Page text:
Battersea Arts Centre has won three prizes at the annual New London Architecture awards.
The venue received the Overall Winner Award for 2020, as well as honours for Experiencing Culture and for Community.
Chosen by an international board of architects, critics and cultural figures, the awards celebrate the capital’s finest architecture, planning and development sites.
Praised as ‘exemplary’ and ‘ingenious’, the recognition marks the prosperity of a 12-year restoration partnership with Stirling-prize winning architects Haworth Tompkins, whose co-operation has helped drive the venue’s success in recent years.
A statement from the panel said: “It is the inclusive nature of the project that signifies a new community-centred era for cultural buildings.
“It wasn’t just a restoration. It was a dedication to innovation, to craft, yet a really thoughtful way of evoking the spaces that were there before.
“You can read the story of the building by looking at it. It communicates to the visitor on so many levels and does that by being of service to a community. Extraordinary.”
Accessibility and flexibility were key considerations in designs, traits which have become invaluable assets during a difficult year for the arts.
Subsidised by the National Lottery and other funders, in 2016 the centre unveiled a new open-air theatre structure, The Courtyard.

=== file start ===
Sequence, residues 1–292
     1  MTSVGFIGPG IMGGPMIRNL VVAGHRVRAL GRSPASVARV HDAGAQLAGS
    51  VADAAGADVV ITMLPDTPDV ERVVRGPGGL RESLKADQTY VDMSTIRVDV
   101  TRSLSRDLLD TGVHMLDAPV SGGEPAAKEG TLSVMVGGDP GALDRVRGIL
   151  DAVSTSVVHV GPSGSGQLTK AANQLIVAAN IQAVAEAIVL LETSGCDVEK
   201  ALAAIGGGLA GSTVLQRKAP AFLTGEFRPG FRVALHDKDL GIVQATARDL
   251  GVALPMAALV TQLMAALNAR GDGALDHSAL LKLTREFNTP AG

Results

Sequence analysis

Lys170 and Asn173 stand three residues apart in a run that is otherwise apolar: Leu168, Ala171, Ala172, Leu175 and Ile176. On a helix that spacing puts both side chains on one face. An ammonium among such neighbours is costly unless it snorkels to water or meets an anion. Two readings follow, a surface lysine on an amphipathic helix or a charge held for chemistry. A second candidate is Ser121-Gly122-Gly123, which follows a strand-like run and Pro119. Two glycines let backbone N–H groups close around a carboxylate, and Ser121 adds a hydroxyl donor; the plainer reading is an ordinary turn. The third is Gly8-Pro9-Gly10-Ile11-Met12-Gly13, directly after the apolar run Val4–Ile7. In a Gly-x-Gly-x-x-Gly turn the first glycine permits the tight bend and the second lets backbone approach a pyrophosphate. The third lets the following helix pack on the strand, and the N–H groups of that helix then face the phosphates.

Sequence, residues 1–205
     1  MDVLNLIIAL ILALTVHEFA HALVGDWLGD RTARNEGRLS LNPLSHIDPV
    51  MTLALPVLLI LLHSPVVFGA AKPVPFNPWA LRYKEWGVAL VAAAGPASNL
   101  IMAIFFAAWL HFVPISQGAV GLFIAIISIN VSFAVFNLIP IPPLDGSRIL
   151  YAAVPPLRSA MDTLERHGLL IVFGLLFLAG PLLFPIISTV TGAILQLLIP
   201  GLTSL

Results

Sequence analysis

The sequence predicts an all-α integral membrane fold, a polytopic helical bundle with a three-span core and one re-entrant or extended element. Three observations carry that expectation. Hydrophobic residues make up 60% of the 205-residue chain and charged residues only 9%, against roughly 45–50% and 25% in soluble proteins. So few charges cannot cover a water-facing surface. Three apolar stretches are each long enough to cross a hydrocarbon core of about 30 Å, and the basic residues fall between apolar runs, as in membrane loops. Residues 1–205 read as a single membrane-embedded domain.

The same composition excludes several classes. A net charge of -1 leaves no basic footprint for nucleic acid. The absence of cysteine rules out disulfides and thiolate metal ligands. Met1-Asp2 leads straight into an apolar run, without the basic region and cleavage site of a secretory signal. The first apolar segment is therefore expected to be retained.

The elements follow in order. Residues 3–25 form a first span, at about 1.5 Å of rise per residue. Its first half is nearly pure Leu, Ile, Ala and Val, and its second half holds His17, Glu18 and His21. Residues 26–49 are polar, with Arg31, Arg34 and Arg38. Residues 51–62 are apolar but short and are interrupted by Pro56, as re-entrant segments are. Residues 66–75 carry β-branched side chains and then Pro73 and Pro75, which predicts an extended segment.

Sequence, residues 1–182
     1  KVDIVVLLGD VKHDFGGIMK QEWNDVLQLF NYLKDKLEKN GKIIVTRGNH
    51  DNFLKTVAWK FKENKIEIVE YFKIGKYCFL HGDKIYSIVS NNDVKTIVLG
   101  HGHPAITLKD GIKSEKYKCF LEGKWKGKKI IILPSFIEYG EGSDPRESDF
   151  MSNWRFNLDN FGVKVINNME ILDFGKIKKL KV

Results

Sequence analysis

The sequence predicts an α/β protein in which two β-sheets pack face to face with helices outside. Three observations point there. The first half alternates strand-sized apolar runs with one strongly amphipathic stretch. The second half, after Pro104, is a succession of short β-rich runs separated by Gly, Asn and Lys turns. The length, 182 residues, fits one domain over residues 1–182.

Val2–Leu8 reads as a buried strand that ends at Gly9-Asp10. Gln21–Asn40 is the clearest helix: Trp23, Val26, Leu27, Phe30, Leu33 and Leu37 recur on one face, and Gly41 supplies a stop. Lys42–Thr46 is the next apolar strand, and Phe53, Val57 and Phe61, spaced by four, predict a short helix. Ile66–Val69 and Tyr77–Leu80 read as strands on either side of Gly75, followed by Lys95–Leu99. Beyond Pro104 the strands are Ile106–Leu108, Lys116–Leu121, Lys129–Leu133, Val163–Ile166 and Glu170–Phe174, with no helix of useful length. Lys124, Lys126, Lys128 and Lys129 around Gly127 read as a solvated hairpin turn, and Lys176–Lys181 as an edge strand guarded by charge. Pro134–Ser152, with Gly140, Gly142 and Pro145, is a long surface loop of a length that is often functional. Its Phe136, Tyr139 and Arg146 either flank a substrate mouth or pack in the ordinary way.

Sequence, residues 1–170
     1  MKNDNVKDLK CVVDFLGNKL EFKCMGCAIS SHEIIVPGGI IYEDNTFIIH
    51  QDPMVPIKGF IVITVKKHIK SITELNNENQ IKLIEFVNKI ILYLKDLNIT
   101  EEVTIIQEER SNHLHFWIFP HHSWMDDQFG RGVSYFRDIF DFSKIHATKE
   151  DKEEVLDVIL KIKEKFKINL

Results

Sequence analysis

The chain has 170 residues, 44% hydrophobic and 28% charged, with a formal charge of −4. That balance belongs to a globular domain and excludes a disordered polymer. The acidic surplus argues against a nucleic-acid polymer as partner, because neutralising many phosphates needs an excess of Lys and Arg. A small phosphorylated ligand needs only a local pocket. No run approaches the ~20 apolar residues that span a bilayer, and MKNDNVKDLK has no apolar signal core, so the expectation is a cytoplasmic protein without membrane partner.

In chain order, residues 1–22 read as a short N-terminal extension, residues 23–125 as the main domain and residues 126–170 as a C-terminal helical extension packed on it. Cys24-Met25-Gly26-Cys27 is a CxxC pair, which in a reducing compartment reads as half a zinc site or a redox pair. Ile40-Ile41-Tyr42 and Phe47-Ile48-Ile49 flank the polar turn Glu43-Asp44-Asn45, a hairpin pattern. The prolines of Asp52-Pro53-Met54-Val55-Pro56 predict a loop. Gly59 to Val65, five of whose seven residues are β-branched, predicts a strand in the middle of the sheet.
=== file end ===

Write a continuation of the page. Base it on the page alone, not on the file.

Previously an outdoor seating area, the redevelopment allowed the centre to become one of the first venues to re-open following the first lockdown, hosting comedy gigs over the summer.
Restoration plans took a blow in 2015 when the centre’s auditorium was burnt down in a fire, but the redesign birthed a new creative co-working space named The Scratch Hub.
Again, this has proved to be a key resource during the pandemic, allowing local businesses, start-ups, artists, charities and other groups to work in a bio-secure environment.
Over the course of the last year, Battersea Arts Centre has hosted the London Philharmonia for the first time, as well as Live from the Grand Hall during October.
The latter was a series of two-way live streamed music and comedy gigs that allowed audiences to interact with performers from home.
The Community award also recognized the extensive work the centre has done to support local residents, exemplified by the BAC Beatbox Academy.
Formed in 2008, the Academy began as a performance collective of young artists but has expanded to allow international access during the pandemic, offering weekly drop-in sessions over zoom for 8-29 year olds.
Meanwhile the Academy’s co-created Frankenstein: How to Make a Monster, had a first international tour in January, selling out at the Adelaide Festival before the pandemic’s disruption.
Steve Tompkins, Director of Haworth Tompkins, reflected: “We’ve learned so much from our 12-year relationship with this extraordinary building and an equally remarkable team of people.
“Being part of such a slowly evolving transformation of both the building and the organisation has deepened our understanding of how cultural spaces can become genuine centres of community.
For all the technical complexity of the task and the unexpected twists of fate, it has been a joyful project to work on.”
Featured image credit: Fred Howarth